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Stereotypes Prejudice Discrimination

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Stereotypes Prejudice Discrimination Powered By Docstoc
					Stereotypes, Prejudice, &
     Discrimination
       Stereotypes, Prejudice, &
            Discrimination
• True Colors
   – What are your thoughts?
   – Does it ring true?
       Stereotypes, Prejudice, &
            Discrimination
• True Colors
   – What are your thoughts?
   – Does it ring true?

   – Can we use social psychological principles to
     understand what happened?
      Stereotypes, Prejudice, &
           Discrimination
• stereotypes
  – a set of beliefs about the personal attributes of a
    group of people (Ashmore & Del Boca, 1981)
  – a type of schema
       Stereotypes, Prejudice, &
            Discrimination
• prejudice
  – a biased evaluation of a group (often targeted at
    it’s individual members), based on real or
    imagined characteristics of the group members
    (Nelson, 2002)


  – a type of attitude
      Stereotypes, Prejudice, &
           Discrimination
• discrimination
  – negative act towards a person or group of people
    because of their group membership
      Stereotypes, Prejudice, &
           Discrimination
• ABC’s of social psychology
  – Affect: prejudice
  – Behavior: discrimination
  – Cognition: stereotypes
      Stereotypes, Prejudice, &
           Discrimination
• What did we see in True Colors?
  – What stereotypes?
  – What examples of prejudice?
  – What examples of discrimination?
                 Stereotypes
• How stereotypes are formed?
  – categorization
                   Stereotypes
• How stereotypes are formed?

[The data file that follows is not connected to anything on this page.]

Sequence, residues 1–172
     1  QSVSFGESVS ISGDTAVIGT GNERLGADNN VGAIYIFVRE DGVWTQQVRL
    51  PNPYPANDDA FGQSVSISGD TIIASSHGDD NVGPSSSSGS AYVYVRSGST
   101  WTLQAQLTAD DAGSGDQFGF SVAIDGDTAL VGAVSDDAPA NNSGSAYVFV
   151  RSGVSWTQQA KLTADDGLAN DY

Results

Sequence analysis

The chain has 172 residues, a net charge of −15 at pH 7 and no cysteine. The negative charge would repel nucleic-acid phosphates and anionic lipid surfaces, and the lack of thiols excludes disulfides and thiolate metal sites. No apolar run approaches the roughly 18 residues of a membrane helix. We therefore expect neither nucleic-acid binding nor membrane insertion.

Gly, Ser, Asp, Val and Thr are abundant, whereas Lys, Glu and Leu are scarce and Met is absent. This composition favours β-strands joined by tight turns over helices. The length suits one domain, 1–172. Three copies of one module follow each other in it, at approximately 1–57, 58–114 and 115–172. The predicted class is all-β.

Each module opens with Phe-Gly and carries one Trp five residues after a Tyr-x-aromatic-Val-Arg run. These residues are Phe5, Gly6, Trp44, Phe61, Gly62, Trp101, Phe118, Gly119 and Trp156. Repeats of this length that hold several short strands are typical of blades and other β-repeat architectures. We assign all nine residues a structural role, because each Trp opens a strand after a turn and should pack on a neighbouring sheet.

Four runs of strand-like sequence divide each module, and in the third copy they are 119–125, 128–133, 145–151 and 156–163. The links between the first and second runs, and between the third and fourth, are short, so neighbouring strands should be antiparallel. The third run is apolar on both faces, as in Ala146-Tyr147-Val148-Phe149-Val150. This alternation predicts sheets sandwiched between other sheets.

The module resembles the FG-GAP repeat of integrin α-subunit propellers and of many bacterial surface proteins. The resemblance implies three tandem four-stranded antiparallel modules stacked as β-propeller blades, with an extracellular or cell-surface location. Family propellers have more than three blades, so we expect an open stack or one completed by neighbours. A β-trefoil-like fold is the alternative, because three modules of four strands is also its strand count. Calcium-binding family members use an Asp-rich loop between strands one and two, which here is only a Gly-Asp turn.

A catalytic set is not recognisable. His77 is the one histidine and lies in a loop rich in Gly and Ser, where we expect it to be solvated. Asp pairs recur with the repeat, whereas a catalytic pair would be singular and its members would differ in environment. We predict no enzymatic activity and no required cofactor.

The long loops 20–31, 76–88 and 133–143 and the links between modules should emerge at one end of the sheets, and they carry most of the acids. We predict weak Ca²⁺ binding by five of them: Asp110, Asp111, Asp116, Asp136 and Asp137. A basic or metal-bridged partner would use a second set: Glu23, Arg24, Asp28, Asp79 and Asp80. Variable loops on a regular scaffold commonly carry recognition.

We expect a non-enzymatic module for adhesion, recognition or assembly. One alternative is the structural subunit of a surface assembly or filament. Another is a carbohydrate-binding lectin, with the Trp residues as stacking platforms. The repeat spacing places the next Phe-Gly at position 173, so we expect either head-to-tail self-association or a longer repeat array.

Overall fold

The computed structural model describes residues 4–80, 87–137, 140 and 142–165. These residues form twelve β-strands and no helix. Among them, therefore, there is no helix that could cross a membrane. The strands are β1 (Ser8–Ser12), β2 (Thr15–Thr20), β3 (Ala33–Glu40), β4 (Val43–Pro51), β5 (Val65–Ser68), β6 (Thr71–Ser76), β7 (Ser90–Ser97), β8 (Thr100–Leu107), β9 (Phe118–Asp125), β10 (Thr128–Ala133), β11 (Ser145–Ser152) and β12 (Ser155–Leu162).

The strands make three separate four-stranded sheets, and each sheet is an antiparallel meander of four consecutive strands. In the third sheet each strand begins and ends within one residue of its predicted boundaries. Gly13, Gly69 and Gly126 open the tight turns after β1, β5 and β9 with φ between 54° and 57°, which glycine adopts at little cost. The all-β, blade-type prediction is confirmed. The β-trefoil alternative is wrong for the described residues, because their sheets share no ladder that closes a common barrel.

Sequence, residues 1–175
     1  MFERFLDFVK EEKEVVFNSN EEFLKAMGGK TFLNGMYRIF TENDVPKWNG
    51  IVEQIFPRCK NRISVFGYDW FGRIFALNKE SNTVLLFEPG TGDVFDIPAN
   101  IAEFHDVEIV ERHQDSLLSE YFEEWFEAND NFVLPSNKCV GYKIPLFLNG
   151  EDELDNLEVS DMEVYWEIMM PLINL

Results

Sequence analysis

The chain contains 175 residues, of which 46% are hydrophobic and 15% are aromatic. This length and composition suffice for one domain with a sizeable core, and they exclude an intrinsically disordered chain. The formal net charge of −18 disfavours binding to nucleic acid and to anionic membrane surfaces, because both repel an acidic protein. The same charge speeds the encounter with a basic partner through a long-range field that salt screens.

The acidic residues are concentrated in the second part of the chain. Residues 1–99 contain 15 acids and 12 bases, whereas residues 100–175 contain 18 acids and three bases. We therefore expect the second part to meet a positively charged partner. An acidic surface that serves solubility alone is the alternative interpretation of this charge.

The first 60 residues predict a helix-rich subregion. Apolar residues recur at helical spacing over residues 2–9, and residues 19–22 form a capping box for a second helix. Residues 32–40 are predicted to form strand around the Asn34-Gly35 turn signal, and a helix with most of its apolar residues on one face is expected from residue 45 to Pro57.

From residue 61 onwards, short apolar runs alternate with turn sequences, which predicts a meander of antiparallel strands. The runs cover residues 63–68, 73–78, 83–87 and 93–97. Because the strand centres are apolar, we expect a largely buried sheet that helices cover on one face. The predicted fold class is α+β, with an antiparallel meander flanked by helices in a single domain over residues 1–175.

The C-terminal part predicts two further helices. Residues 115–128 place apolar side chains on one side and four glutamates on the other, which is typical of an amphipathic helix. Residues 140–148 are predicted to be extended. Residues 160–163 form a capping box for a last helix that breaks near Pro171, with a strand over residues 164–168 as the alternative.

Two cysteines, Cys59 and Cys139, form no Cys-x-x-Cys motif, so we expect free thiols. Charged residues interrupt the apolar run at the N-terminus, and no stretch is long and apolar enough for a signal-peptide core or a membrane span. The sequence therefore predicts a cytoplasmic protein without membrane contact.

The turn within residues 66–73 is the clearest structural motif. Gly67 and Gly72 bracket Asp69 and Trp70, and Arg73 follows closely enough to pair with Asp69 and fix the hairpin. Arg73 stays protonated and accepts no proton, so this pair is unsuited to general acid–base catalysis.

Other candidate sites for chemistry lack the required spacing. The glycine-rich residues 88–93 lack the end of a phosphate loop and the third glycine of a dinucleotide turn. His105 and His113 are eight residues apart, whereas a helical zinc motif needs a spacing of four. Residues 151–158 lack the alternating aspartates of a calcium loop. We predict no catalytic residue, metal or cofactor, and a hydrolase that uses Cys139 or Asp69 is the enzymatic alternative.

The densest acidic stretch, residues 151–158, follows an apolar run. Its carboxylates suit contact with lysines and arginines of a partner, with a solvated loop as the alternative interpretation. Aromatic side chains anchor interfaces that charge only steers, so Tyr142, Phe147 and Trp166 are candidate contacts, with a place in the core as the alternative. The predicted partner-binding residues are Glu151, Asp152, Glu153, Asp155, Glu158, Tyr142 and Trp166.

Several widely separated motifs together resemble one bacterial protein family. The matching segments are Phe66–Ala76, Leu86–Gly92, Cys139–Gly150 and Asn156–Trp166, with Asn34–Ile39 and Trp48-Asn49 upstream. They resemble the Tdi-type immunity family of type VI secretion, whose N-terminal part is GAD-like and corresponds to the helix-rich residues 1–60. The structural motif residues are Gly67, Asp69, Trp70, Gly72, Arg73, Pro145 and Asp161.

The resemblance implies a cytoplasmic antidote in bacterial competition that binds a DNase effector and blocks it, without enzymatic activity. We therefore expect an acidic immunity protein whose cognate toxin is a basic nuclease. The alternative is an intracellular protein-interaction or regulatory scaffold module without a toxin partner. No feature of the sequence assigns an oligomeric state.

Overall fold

– categorization
  – ingroups and outgroups (Social Identity Theory; Tajfel &
    Turner, 1986)
     • ingroup bias (Ostrom & Sedikides, 1992)
     • outgroup homogeneity bias (Hamilton, 1976)
                Stereotypes
• How stereotypes are formed?
  – categorization
  – ingroups and outgroups
  – social learning
                         Stereotypes
 • stereotypes make information processing
   more efficient
     –   name and 10 personality characteristics
     –   Nigel: caring, honest, reliable, friendly…
     –   stereotype: Nigel is a doctor
     –   cognitive load task
     –   recall characteristics and facts about Indonesia


(Macrae, Milne, & Bodenhausen, 1994)
                         Stereotypes




(Macrae, Milne, & Bodenhausen, 1994)
                Stereotypes
• Why do stereotypes persist?
  – subcategorization
                  Stereotypes
• Why do stereotypes persist?
  – subcategorization
  – illusory correlations
                 Stereotypes
• Why do stereotypes persist?
  – subcategorization
  – illusory correlations
  – selective attention to stereotype-relevant
    information
                 Stereotypes
• Why do stereotypes persist?
  – subcategorization
  – illusory correlations
  – selective attention to stereotype-relevant
    information
  – once formed, very difficult to change
                           Stereotypes
 • stereotype threat
     – African American and White participants
     – difficult verbal task
     – IV: intellectual ability (threat) or verbal task (no
       threat)
     – DV: performance on the verbal task




(Steele & Aronson, 1995)
                           Stereotypes
 • stereotype threat
     – no threat condition: AA and White participants
       performed equally
     – threat condition: AA performed more poorly
       than the White participants

     – also shown to occur when race is made salient



(Steele & Aronson, 1995)
               Prejudice
• Where does prejudice come from?
• What can be done about it?